Each election, Oregon’s “initiative” system of government produces a number of hot-button issues requiring the decision of our ever-patient voters. (My theory about vote-by-mail is that we didn’t want to spend all the time required to vote on our myriad measures hunched over our ballots in those rickety cardboard “booths” when we could do it in the comfort of our own homes.) Others have addressed driving "cards" for undocumented residents, labeling of genetically modified foods, legalization of marijuana. I want to talk about a less glamorous amendment to the Oregon Constitution proposed under Ballot Measure 89:
Equality of rights under the law shall not be denied or abridged by the State of Oregon or by any political subdivision in this state on account of sex.
Most of the muted discussion on this issue has been about whether or not it is necessary. The American Civil Liberties Union of Oregon (ACLU) says not. “[T]he Oregon Constitution already has the strongest possible protection against sex discrimination and the Oregon Supreme Court has enforced that protection.” The ACLU identifies Article 1, section 20 as this protection: “No law shall be passed granting to any citizen or class of citizens privileges, or immunities, which, upon the same terms, shall not equally belong to all citizens.”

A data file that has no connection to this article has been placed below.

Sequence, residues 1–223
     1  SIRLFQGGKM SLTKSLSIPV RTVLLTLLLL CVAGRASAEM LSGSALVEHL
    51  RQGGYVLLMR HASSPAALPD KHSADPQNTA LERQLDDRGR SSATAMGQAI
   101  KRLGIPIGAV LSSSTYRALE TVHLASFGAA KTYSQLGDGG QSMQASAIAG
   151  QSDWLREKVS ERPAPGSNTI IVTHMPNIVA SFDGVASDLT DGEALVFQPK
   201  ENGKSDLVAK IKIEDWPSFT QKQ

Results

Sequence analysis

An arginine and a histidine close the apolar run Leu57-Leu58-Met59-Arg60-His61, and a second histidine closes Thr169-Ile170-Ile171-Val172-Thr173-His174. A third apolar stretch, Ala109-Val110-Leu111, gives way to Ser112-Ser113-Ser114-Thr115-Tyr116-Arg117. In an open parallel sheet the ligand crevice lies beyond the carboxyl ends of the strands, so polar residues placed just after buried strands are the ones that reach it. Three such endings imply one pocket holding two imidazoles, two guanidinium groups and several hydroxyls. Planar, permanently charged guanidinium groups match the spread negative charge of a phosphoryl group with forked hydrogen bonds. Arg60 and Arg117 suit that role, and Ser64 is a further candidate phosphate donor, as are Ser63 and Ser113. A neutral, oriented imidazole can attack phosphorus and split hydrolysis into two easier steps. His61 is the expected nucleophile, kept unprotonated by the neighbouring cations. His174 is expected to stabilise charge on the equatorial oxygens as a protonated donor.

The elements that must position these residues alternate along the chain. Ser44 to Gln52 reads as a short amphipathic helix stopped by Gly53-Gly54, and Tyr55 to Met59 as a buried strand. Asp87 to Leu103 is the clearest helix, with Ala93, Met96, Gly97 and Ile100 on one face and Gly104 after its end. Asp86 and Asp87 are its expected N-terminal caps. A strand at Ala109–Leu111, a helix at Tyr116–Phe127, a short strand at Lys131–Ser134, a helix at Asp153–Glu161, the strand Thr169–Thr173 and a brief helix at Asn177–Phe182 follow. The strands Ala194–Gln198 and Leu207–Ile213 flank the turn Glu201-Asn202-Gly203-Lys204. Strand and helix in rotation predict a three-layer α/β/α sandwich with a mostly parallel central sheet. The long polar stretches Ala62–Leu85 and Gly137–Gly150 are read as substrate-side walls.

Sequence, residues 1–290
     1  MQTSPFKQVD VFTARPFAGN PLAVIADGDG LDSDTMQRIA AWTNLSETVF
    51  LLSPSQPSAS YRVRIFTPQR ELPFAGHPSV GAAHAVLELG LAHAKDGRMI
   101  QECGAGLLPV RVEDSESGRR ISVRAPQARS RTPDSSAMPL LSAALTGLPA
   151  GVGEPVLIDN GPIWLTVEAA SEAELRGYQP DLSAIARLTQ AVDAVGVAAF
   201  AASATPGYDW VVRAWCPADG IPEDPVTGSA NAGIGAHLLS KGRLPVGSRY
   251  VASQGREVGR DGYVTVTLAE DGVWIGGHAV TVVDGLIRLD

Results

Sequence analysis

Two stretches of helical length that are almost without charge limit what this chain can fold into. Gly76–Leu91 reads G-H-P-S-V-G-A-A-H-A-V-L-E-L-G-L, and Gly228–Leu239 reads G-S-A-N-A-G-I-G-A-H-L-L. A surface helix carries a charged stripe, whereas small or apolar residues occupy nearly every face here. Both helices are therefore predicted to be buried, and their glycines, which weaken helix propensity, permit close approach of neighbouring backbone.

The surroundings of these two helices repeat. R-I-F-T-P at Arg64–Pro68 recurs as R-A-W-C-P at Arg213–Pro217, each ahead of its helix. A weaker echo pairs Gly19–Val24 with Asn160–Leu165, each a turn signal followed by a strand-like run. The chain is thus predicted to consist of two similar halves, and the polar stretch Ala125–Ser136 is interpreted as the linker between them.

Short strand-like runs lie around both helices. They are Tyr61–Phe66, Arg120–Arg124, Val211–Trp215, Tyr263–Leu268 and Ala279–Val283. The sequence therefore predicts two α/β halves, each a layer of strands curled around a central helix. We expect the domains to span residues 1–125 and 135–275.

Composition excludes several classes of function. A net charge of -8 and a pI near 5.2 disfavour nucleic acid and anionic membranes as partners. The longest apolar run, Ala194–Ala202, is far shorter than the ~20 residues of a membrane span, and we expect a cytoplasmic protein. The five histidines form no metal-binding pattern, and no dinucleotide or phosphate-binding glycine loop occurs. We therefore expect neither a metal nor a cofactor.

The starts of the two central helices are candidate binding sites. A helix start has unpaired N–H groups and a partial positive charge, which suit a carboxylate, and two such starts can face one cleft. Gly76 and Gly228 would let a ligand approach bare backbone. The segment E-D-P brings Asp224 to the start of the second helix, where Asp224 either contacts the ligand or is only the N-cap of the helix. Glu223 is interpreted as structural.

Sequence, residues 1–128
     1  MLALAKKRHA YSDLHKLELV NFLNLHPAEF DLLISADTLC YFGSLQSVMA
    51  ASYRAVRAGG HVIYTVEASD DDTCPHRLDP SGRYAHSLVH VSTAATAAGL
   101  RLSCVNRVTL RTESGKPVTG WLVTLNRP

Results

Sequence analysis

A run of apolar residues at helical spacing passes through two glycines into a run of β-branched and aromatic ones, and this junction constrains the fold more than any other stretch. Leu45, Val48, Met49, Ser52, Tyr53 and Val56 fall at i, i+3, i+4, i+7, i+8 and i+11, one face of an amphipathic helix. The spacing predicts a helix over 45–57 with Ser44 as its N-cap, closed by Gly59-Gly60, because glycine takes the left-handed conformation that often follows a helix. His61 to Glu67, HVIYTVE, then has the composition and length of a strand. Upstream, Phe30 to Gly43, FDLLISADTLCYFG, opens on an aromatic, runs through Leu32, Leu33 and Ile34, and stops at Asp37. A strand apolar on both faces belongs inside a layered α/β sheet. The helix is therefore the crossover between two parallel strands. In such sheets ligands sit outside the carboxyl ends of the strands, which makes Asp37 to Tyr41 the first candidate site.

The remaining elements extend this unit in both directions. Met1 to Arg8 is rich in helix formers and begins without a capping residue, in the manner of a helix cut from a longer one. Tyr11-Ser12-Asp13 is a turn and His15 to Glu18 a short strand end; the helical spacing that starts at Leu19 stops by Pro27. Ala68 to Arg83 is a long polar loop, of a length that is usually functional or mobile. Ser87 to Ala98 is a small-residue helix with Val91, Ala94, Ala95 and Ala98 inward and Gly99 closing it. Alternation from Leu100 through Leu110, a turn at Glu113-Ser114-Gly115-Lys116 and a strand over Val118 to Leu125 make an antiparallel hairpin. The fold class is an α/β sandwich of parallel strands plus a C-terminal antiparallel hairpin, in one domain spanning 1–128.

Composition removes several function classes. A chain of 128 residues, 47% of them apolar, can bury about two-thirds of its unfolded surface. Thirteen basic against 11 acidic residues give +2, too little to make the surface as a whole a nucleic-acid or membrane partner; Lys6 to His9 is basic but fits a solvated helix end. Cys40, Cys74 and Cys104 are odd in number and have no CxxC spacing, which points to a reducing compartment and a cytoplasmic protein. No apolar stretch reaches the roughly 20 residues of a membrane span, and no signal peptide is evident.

Supporters of the measure caution that Supreme Courts can change; best to be on the safe side. They also point to the symbolic value of those words in the state’s Constitution, and express the hope that this vote will somehow compel our federal legislators to vote to begin the process to amend the U.S. Constitution. (According to equalrightsamendment.org, such bills have been introduced to every Congress since 1982 [when the ERA failed to meet its deadline for ratification by 2/3 of the states].)
Vote however you please this year, but for goodness sake, vote! And take a look at these books and websites about the fight for equal rights for women in the past 100 years.